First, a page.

Nintendo and Treasure on creating Sin and Punishment 2

Those of you in Europe should already know, Sin and Punishment: Successor of the Skies isn’t like most other games. It combines the ruthless shmup insanity from the minds at Treasure (Ikaruga, Gunstar Heroes, Bangai-O Spirits) with the accessibility-focused philosophies of Nintendo. On one end, you’ve got the developers who made a giant, homicidal, fang-faced black orb named “Melon Bread” a re-occurring character in their games, and on the other you have the director of Style Savvy. Sin and Punishment: Successor of the Skies is the place where these very different creative forces come together.

This video is filled with interesting revelations, production art, and unnecessary special effects. One second you’re treated to some laughably bad Mission Impossible-style spy-cams, and the next you’re getting schooled on some shocking facts. I was particularly surprised to here that the game’s initial development team only consisted of four people, and that due to the game’s more intuitive, IR-focused control scheme, Nintendo thought the earlier builds of the game were too easy, so they asked Treasure to go back and make it tougher.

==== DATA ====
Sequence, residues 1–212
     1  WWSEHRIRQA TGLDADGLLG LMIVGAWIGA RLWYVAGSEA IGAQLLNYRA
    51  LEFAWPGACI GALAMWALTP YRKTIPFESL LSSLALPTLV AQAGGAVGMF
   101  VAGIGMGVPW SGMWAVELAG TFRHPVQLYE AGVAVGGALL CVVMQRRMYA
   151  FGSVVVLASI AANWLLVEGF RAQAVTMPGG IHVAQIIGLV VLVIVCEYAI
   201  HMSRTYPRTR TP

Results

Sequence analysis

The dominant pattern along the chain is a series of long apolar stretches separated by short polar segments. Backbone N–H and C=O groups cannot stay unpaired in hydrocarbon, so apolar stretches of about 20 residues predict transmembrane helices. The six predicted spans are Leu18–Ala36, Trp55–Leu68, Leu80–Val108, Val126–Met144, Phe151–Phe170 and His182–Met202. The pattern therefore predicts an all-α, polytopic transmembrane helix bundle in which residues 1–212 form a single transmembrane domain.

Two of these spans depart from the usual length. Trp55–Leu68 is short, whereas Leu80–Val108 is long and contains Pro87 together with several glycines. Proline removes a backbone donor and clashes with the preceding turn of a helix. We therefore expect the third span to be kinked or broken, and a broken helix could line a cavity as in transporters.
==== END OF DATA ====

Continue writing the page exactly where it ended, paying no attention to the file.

None of that’s quite as amazing as the mental process that went into naming Sin and Punishment, but it’s still probably more interesting than what’s on TV right now, so you might as well take a look.



Jonathan Holmes
"Where do dreams end and reality begin? Videogames, I suppose."- Gainax, FLCL Vol. 1 "The beach, the trees, even the clouds in the sky... everything is build from little tiny pieces of stuff. Just like in a Gameboy game... a nice tight little world... and all its inhabitants... made out of little building blocks... Why can't these little pixels be the building blocks for love..? For loss... for understanding"- James Kochalka, Reinventing Everything part 1 "I wonder if James Kolchalka has played Mother 3 yet?" Jonathan Holmes